Combined heat and power (CHP) systems were responsible for just under 10% of global electrical power generation capacity in 2011. CHP is a set of power generation technologies that provides both heat in the form of steam or hot water and electricity from a single system. These systems include a prime mover to convert fuel into electricity, a heat recovery steam generator (HRSG) to generate the process heat and perhaps a boiler if the system burns coal or wood waste to run a steam turbine.
The CHP market has been driven by China in the last five years, as that country’s fast paced electrical generation capacity increases have significantly bolstered the CHP market in the country. However, China’s power capacity growth is slowing, resulting in an essentially flat global CHP market between 2007 and 2011, posting a compound annual growth rate (CAGR) of just 0.4% for the period to reach a value of $19.3 billion. The CHP market has been much stronger in the U.S. and Germany, with both countries achieving near 20% CAGR between 2007 and 2011. The small-CHP market has experienced an incredible CAGR of 24.8% in the same period on the strength of micro-CHP (under 5 kW) sales in Japan and small-CHP (up to 1 MW) sales in Germany.
Spark spread and government incentives are the two main driving forces behind the CHP market, although each has a different effect for different market segments. The U.S. market has been up and down over the period, and has been lower than what was experienced in the first part of the decade, because of the lack of strong government support and dropping natural gas prices. Germany, on the other hand, has a strong feed in tariff policy that is continuing to drive the CHP market in the country and will continue to do so in the long term. In Japan, exceptionally large subsidies for micro-CHP systems continue to accelerate that segment of the CHP market in the country.
Natural gas turbines continue to provide most CHP electricity generation in the U.S. and Europe, but it is reciprocating engine-based CHP systems that are the most numerous. The most common type of fuel in use for CHP systems in most countries is natural gas. The major exception is China where coal is still the dominant fuel being used in many of the country’s district heating systems. Countries such as Sweden, Switzerland, Norway and Finland have over 30% of CHP electricity generation from renewable fuels such as wood waste and municipal waste.
The CHP market will continue to experience slow growth over the next five years. However, SBI Energy expects global electricity costs to rise faster than the cost of natural gas in the long term, leading to a much stronger CHP market through the end of the decade. By 2021, there will be 651 gigawatts (GW) of CHP capacity installed worldwide, and the global CHP market will be worth $43.1 billion. The small-CHP segment will continue to grow faster than the overall CHP market, achieving a CAGR of 12.2% between 2012 and 2021 and growing to be worth a little over 6% of the global CHP market.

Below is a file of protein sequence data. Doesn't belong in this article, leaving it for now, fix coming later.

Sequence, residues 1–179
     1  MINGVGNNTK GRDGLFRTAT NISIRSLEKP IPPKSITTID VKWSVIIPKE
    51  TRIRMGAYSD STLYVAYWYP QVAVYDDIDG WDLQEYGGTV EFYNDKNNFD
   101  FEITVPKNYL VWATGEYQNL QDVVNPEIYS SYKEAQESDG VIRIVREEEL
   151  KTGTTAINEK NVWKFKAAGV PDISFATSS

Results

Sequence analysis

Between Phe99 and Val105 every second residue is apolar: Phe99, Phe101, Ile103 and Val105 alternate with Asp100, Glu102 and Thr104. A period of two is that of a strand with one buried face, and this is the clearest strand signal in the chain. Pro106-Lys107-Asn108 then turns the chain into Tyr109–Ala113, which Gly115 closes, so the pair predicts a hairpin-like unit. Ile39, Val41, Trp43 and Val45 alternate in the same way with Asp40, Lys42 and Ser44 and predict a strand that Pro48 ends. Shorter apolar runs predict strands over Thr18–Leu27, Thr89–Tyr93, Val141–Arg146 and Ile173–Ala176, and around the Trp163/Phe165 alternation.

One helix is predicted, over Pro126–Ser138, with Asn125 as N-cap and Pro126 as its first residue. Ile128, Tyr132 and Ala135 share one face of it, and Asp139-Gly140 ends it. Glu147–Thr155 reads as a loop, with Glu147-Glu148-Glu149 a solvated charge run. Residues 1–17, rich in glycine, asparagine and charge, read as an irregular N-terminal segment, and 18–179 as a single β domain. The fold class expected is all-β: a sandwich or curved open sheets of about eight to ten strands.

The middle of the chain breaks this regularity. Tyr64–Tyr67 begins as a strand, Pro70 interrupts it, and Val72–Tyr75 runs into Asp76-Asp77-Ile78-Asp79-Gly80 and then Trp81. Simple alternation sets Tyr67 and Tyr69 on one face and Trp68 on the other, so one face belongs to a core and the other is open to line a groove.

The World Market for Combined Heat & Power by SBI Energy provides key insight into current and future markets for CHP product segments and regional markets worldwide. This report looks at key competitors and manufacturers for each of the components making up typical CHP systems, and includes definitions, current product offerings and market detail on the following segments:
This report contains primary and secondary data obtained from government sources, trade associations and publications, business journals, scientific papers, company literature, investment reports, and interviews with industry professionals. Statistics on commodity prices comes from the International Monetary Fund; production cost indexes are from the U.S. Bureau of Labor Statistics; statistics on electricity generation and generation capacity come from national sources such as the U.S. Energy Information Administration and Germany’s Federal Network Agency for Electricity, Gas, Telecommunications, Post and Railway (Bundesnetzagentur), and extra-national sources such as Eurostat.
What You’ll Get in This Report
The World Market for Combined Heat & Power provides a concise, focused look on the residential, commercial, industrial and utility markets for CHP products as they exist today, and shows where these markets are moving between 2012 and 2021. The report highlights key players in the CHP industry and pinpoints ways that current and prospective competitors can capitalize on recent trends and spearhead new ones. No other market research report provides both the comprehensive analysis and extensive data that The World Market for Combined Heat & Power offers. Plus, you’ll benefit from extensive data, presented in easy-to-read and practical charts, tables and graphs.
How You’ll Benefit from this Report
If your company is considering investing in energy generation, is involved in businesses that require energy generation for commercial or industrial process applications, or is looking to invest in companies that make the products used in CHP systems, you will find this report invaluable as it provides a comprehensive package of information and insight not offered in any other single source. You will gain a thorough understanding of the current market for combined heat and power energy products, as well as projected markets and trends for these technologies through 2021. The report also provides a concise view of the top application industries for commercial CHP products, outlining key drivers and barriers for these markets.
This report will help:
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